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Small form-factor pluggable, or SFP, devices are hot-swappable I/O gear used primarily in network and storage switches; they allow the switch to connect to fiber cables of different types -- including single-mode and multimode -- and speeds (1 Gbps, 10 Gbps), or even Ethernet copper cables, such as CAT5e and CAT6.
Almost all enterprise-class switches include two or more SFP ports, allowing them to become part of a ring or star-based network topology spread among different buildings, floors or areas, and connected via fiber optic cabling.
In many cases, SFP ports are also known as mini-Gigabit interface converter (GBIC) modules, as they have replaced the older GBIC transceivers.
SFPs can be used and interchanged on a wide variety of products, and they can be interchanged in combinations of 1000BASE-T, 1000BASE-SX, 1000BASE-LX/LH, 1000BASE-EX, 1000BASE-ZX or 1000BASE-BX10-D/U on a port-by-port basis.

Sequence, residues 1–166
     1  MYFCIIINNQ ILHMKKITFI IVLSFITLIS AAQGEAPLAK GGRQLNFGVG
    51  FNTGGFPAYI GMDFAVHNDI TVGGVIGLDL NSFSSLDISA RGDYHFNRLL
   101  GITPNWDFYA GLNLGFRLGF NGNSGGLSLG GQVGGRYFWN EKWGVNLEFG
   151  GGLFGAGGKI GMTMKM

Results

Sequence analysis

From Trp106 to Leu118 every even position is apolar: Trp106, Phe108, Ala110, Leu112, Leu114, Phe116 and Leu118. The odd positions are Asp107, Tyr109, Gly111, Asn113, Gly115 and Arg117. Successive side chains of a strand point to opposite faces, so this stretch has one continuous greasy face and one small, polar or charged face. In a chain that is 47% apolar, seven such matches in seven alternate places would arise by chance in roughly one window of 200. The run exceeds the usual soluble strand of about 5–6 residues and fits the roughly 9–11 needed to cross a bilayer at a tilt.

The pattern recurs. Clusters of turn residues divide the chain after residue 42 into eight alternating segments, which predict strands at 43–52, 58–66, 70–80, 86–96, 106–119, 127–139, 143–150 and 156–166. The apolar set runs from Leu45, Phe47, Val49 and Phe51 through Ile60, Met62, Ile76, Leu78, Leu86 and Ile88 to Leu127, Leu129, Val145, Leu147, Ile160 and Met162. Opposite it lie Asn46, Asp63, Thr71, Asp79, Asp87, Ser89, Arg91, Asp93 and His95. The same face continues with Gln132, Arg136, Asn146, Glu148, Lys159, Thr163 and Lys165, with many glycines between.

The latest in SPF modules
New SPF modules, such as GLC-BX-D and GLC-BX-U, support digital optical monitoring, which lets end users monitor the performance of SFPs in real time, tracking such metrics as temperature, optical output power, optical input power, transceiver supply voltage and laser bias current.
SFPs can support speeds of up to 1 Gbps, with transmission ranges of 10 kilometers (1000BASE-BX10-D), 40 km (GLC-BX40-D) or 80 km (GLC-BX80-D), depending on the model selected.
Newer SFP+ modules support increased speeds of up to 10 Gbps; however, not all rival SFP+ modules are automatically compatible.
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